The ruling Republican Party of Armenia (HHK) does not exclude the possibility of cooperating with its former coalition partner, Prosperous Armenia (BHK), on certain issues despite their recent confrontation that appears to have been resolved now.
President Serzh Sarkisian, the leader of the HHK, and his top opposition critic, BHK leader Gagik Tsarukian, fell out over the need for a constitutional reform earlier this month, with their conflict aggravated by an exchange of personal accusations at different levels.
Sarkisian, apparently infuriated by Tsarukian’s “ultimatum” to give up the constitutional reform process or face large-scale street protests, lashed out at him at a meeting of senior HHK members on February 12. In a speech full of derogatory descriptions of Tsarukian, including his infamous “Dodi Gago” nickname, Sarkisian described the man as “evil” for the country and effectively ordered his expulsion from Armenia’s politics.
Dozens of Tsarukian loyalists were detained and their businesses were inspected in the following days in what the BHK and its opposition allies said amounted to political repressions. Prime Minister Hovik Abrahamian also ordered his government to probe allegations that Tsarukian, who owns businesses in Armenia, owes large sums to the state budget in back taxes.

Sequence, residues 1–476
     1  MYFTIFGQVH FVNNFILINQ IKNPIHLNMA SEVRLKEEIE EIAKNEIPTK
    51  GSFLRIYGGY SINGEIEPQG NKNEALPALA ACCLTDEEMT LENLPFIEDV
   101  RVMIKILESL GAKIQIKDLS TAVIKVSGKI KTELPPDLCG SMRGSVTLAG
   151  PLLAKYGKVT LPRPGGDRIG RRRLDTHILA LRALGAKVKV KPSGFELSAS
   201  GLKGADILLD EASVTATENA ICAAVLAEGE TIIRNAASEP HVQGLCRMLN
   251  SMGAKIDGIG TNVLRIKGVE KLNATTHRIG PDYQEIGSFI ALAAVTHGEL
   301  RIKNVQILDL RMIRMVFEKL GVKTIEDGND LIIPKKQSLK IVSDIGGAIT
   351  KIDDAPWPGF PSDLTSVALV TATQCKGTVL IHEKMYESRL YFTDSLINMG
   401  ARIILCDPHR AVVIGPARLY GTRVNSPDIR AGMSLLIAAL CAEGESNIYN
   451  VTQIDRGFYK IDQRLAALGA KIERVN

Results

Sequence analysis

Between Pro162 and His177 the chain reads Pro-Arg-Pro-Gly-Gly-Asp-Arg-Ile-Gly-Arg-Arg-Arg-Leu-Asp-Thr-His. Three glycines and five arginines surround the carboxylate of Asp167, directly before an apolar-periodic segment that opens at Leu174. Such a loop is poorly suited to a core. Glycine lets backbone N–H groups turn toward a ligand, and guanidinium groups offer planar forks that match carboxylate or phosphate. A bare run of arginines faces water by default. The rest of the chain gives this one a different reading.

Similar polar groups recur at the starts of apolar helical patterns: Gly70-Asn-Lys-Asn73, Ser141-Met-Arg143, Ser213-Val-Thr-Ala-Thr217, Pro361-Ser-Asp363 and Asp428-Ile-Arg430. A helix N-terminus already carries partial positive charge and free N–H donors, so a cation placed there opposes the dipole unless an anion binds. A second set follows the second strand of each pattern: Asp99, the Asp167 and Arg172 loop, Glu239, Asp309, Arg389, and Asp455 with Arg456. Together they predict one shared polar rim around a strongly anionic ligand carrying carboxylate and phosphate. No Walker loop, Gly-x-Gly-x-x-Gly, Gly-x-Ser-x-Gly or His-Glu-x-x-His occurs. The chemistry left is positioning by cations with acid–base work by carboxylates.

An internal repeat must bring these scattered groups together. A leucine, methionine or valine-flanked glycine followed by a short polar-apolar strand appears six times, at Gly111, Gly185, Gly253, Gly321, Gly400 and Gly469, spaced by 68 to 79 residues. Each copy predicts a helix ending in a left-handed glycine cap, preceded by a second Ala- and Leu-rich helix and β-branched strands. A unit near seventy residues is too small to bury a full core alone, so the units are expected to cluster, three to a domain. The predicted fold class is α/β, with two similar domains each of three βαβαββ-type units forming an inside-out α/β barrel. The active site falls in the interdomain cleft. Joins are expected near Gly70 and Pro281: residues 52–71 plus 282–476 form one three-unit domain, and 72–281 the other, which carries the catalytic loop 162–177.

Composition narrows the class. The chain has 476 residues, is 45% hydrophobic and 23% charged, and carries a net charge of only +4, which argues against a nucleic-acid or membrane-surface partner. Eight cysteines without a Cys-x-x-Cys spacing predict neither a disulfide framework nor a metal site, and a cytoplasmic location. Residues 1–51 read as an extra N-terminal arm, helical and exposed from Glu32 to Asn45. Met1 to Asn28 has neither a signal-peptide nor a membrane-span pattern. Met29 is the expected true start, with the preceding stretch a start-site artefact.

Tsarukian struck a conciliatory note in a statement released on Wednesday after a reported meeting with Sarkisian that apparently focused on ways of resolving their conflict.
As Tsarukian called for “political means” of settling disputes, his party called off a rally that it planned to hold in Yerevan together with other opposition forces later this week to demand Sarkisian’s resignation.
This was taken by many observers as a concession on the part of Tsarukian, who was already stripped of a number of state posts during the crackdown.
The HHK does not rule out anything in politics, including that areas for cooperation with the BHK will be found, senior HHK lawmaker Hovannes Sahakian told RFE/RL’s Armenian Service (Azatutyun) on Wednesday.
“Our political team has always said and says now that with all political parties, politicians that will share our ideas about the main directions and programs we will be willing to discuss also their ideas, and there can also be some cooperation,” Sahakian said.
The HHK member, however, insisted that clearing Armenian politics of “pseudo-political” elements is an ongoing process.
“When we talk about such phenomena, I don’t think they have time limits or imply just one step,” he said.